O’Shae Sibley, 28, was vogueing when he was confronted by individuals who used homophobic slurs and ordered him to stop. A task force on hate crimes is looking into it.
O’Shae Sibley was at a Brooklyn service station with companions late Saturday night, topping off a vehicle and shooting music by Beyoncé when a gathering of men drew closer and advised them to quit moving, as per companions.
According to his friends and a video of the altercation, Mr. O’Shae Sibley, a gay man who was a professional dancer and choreographer, confronted the men after they began using slurs. The police say that one man stabbed Mr. O’Shae Sibleyafter the argument got out of hand.
Before Mr. O’Shae Sibley was taken to Maimonides Medical Center, where he was pronounced dead, one of his closest friends, Otis Pena, applied pressure to the wound to stop the bleeding.
In a Facebook video that he posted hours after the murder on Midwood’s Coney Island Avenue, Mr. Pena stated, “They murdered him because he was gay, and because he stood up for his friends.” His name was O’Shae and all of you killed him. All of you killed him directly before me.”
No captures had been made by Monday, yet the police said that the disdain wrongdoings unit was associated with the examination.
The killing has shaken the city’s gay community and devastated Mr. O’Shae Sibley’s family—he is one of 11 siblings. While the intention stays being scrutinized, the assault was a sign of the inclinations that L.G.B.T.Q. individuals face.
The Counter Slander Association and the backing bunch GLAAD gave a report in June demonstrating an expansion in provocation and viciousness against gay and transsexual individuals, including web based tormenting, social events of outfitted dissidents outside drag shows and bomb dangers against emergency clinics that give orientation change care. In the initial three weeks of June there were 101 such occurrences, over two times the number during a similar time span the prior year.
Brad Hoylman-Sigal, a gay state representative in New York, said he was “sorrowful and irritated” over Mr. O’Shae Sibley’s killing.
“Gay delight isn’t wrongdoing,” he said on Twitter. ” Attacks motivated by hate are.
Tondra O’Shae Sibley, a 49-year-old aunt, stated that Mr. O’Shae Sibley had relocated from Philadelphia prior to the pandemic in the hope that New York would provide additional opportunities and auditions.
“It was a silly wrongdoing,” she said. ” O’Shae has forever been a peacemaker. All he needed to do was dance.”
To Missy Elliott, she recalled him as a young boy “gyrating and jerking.” At the point when he aged, he improved his abilities at the Philadelphia Dance Organization and, on the guidance of teachers, started expressive dance, exploiting his long, athletic casing.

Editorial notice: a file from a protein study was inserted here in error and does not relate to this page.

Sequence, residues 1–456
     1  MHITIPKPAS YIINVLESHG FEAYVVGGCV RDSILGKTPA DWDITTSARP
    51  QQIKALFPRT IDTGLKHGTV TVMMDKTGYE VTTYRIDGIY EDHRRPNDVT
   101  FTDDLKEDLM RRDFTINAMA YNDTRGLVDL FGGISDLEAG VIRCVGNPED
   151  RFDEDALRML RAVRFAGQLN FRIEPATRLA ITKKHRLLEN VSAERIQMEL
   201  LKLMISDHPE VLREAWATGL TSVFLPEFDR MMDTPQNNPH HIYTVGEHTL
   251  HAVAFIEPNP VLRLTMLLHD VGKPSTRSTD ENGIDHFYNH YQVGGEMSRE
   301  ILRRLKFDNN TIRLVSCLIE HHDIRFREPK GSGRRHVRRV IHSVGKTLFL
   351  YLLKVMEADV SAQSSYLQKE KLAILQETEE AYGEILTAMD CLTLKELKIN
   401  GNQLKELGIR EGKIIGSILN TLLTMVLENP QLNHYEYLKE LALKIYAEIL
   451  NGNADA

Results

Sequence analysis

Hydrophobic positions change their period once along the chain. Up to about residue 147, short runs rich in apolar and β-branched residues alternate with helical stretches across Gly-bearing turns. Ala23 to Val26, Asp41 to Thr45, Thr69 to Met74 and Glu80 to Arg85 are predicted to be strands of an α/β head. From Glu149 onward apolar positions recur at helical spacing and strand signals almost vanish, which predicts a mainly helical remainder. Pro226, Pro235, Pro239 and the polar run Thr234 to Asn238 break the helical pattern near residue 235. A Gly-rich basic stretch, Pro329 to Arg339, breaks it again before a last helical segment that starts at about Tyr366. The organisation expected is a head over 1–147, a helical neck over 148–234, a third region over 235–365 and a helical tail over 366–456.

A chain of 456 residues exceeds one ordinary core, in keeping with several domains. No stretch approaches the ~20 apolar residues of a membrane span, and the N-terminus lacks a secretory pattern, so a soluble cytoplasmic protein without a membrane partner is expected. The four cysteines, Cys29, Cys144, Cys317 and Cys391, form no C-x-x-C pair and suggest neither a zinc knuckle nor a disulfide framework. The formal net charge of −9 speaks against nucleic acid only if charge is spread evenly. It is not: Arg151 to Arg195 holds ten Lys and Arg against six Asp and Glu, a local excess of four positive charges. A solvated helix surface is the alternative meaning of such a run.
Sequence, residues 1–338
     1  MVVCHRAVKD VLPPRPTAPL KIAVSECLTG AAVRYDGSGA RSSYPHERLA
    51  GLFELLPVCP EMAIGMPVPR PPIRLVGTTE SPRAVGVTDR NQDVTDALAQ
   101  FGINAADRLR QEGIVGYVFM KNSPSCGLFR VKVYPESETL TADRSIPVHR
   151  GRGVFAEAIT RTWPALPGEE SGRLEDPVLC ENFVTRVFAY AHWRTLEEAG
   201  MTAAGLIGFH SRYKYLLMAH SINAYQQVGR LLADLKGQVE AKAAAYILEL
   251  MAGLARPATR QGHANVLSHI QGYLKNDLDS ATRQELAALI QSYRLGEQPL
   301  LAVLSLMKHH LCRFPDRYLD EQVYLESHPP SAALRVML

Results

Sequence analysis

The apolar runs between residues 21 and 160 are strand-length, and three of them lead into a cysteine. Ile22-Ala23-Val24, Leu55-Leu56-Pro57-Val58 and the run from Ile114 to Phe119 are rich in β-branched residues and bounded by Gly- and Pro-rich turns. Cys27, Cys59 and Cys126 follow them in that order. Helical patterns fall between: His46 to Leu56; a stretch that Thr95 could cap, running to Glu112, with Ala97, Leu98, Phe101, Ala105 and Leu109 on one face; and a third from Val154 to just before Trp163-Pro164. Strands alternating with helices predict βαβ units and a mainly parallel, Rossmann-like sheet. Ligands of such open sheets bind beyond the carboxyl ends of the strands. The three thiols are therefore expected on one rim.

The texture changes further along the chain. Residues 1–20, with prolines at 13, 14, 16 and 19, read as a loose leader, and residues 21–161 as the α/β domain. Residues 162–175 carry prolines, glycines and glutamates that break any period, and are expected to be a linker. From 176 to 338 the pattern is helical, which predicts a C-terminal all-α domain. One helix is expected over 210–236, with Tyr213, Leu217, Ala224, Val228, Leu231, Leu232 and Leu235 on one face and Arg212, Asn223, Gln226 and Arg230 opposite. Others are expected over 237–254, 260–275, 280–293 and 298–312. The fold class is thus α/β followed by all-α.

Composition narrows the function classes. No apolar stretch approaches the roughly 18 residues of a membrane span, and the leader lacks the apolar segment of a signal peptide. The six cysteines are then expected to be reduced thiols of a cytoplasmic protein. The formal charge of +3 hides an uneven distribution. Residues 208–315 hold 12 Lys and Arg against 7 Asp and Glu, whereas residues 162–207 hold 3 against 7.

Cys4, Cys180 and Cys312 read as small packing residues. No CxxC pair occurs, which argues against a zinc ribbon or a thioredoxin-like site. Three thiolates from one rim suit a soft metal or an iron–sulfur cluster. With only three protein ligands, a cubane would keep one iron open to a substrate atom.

Kemar Gem, a 31-year-old choreographer and chief, met Mr. O’Shae Sibley in Philadelphia a long time back at the Storage room Youth Center, where gay teens could go for after-school projects and exercises.
They were a couple of years separated, however Mr. O’Shae Sibley considered him to be a guide. ” He was like, ‘You’re my uncle. I will call you uncle,'” Mr. Gem said.
Mr. O’Shae Sibley was serious about his work, despite being silly and fun-loving. He would stay at Mr. Jewel’s apartment until three in the morning to study dance videos, studying everything from vogueing to the modern techniques introduced by American dancers and choreographers Martha Graham and Lester Horton.
O’Shae was so knowledgeable. He was perfect at tap, artful dance, hip-bounce,” Mr. Gem said. ” He learned so well with pictures. I’ve seen him watch somebody accomplish something two times and afterward do what needs to be done.”
Mr. Gem, who is in London dealing with a show, said he was dozing on Sunday morning when Mr. Pena called to let him know what had occurred.
Mr. O’Shae Sibley and his friends had been vogueing at the gas station, dancing to Beyoncé’s “Renaissance” and imitating fashion models in the 1980s. Today, vogueing is an expression of pride and protest.
Mr. Jewel recalled the account of Mr. Pena, who could not be reached for comment, and said that’s when the group of men came up to them and started calling them names.
Both Mr. O’Shae Sibley and Mr. Pena told them, “Quit saying that. Being gay has nothing wrong with it.
Mr. O’Shae Sibley battled with them, and he was wounded as Mr. Pena hurried to mediate, Mr. Gem said.
Mr. O’Shae Sibley’s 51-year-old neighbor, Beckenbaur Hamilton, said he had cautioned the younger man against being so open about his sexuality at the Brownsville building where he lived alone in a studio.
Mr. Hamilton, who is likewise gay, reviewed assaults he had experienced in his 20s while going out to clubs, and said that he has as of late been hearing remarks in the city about “this large number of privileges” gay individuals have.
Mr. Hamilton stated, “O’Shae wasn’t afraid of being who he was.” He would stand up for his friends.
They cherished moving outside and thoroughly enjoyed drawing a group. ” Mr. Hamilton added, “But I’d see how people looked at them.” In the back of my mind, there was a worry.
Mr. Pena said in his video that Mr. O’Shae Sibley was like his brother and that the two of them were “always out and loud.”
Mr. Pena stated, “We as a community don’t deserve this.” We might be gay, yet we exist. Fear will not control our lives. We will not survive in hiding.